Porter specifically warns against following multiple strategies. Because each requires a different approach, workforce, and resources. Before building a winning competitive strategy for your company, make sure to analyze its strengths and competencies. You must:

  1. Conduct a SWOT analysis.

It is done using a 2X2 matrix, one square each for:

  • Strengths (what your company does better than the competition to distinguish itself)
  • Weaknesses (organizational aspects that need improvement, practices to avoid, etc.)
  • Opportunities (positive events, chances of business growth/expansion in the future)
  • Threats (external factors that can negatively impact your company, like market changes, supply-chain issues, recruit shortages, rising competition, etc.)
  1. Use Porter’s five forces to analyze your market and industry

Porter’s five forces model examines the key forces that directly affect the amount of competition your company will face in the industry.

They include:

  • Intensity of Industry Rivalry

This refers to the number of competitors and their ability to undersell your company. Your company’s power decreases if the number of rival firms increases along with their equivalent product offerings, and they offer better deals at lower prices.

But if rivalry is low, your company has more power to charge higher prices and regulate dealing terms to generate higher sales and profits.

  • Threat of Potential New Entrants in the Industry

Your company’s position can be significantly weakened if new rivals can enter your market within lesser time and compete effectively. It is ideal to opt for an industry with strong limitations to entry. With this, the existing companies can safely charge higher prices and negotiate better deal terms.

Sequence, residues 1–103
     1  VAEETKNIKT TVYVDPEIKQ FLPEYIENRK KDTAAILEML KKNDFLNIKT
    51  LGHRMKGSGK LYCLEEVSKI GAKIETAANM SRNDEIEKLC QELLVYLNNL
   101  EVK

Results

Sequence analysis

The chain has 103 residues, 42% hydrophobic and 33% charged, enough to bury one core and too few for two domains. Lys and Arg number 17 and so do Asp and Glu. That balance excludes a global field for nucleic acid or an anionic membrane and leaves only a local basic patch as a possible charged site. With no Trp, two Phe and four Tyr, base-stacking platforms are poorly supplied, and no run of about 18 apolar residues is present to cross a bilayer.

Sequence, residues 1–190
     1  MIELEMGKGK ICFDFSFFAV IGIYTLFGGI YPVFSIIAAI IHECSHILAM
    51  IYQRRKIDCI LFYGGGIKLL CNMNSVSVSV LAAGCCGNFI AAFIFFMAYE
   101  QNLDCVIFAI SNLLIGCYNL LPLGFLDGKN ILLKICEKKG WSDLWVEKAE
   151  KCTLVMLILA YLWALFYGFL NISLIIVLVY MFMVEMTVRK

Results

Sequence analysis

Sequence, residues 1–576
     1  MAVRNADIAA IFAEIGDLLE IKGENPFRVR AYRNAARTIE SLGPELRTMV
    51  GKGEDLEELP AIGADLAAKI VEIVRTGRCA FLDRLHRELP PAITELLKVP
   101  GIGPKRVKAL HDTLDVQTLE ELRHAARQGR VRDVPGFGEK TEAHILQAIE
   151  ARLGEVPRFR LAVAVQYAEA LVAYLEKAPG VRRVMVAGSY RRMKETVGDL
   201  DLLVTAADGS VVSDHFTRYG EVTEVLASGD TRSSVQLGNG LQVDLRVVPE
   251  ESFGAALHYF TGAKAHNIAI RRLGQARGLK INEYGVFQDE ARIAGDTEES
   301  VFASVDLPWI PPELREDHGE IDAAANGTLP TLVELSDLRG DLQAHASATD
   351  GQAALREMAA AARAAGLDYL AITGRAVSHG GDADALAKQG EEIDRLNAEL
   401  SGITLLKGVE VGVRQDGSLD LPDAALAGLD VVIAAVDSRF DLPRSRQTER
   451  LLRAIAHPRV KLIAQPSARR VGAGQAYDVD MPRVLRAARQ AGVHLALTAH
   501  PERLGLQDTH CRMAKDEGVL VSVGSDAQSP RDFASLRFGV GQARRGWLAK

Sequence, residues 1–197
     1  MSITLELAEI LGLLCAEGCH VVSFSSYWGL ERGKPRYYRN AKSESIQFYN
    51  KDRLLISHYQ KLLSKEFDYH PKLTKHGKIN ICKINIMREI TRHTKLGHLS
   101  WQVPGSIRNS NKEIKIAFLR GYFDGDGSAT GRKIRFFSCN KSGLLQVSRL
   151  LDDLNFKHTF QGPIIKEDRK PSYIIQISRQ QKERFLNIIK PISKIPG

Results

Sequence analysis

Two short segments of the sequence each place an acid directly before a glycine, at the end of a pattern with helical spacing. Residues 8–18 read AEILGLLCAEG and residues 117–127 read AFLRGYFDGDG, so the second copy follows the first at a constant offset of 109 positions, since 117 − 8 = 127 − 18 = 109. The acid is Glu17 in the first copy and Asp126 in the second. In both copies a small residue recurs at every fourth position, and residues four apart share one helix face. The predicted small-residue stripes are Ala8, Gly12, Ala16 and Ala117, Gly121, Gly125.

• Power of Suppliers

The power of suppliers depends on three factors: the number of suppliers of the key components of your product or service, the uniqueness of those components, cost of switching to other suppliers.

If there are fewer suppliers in the industry, you would be more dependent on them. Consequently, they would have more power to drive up their costs and leverage other trade advantages. Conversely, if there are many rival suppliers and the switching cost between them is low, you can enhance your profits by keeping costs low.

  • Power of New Buyers

Your customers can lower your prices. This ability is influenced by the number of buyers your company has, their importance, and the cost of finding new customers or market for your output. In smaller customer bases, each has more power to negotiate for lesser prices and greater deals.

But if your company has many small and independent buyers, you can easily increase the prices for higher profitability.

  • Threat of Substitute Products 

Substitute products and services that people can opt for over yours threaten your sales. With no close substitutes, you can decide on favorable deal terms and charge higher prices for profits. But if your rivals provide similar products for lesser prices, the customers can choose to give up your products. This weakens your company’s power.

This model is useful for analyzing the competitive structure of the whole industry, creating targeted goals, and shaping your business strategies to the broad competitive landscape. You can get valuable insights for your company to decide the right time to enter a new market, for instance, or dilate your product offering to reach new buyers.

    2. Compare both the analysis results to build a strategy that will help you reduce supplier and customer power and eliminate the threats of substitutes and new entrants.

Whether your sales rep is trying to sell in an oversaturated market or reduce conversion time, having a competitive advantage can give them a boost.  If you are seeking to build the definitive winning strategy for your company to outperform your rivals, get in touch with us today.

Stay tuned to read the next article in our ‘Competitive Advantage’ series to discover the best practices for generating competitive advantage. You can learn more about this advantage and its importance in the first  of this series.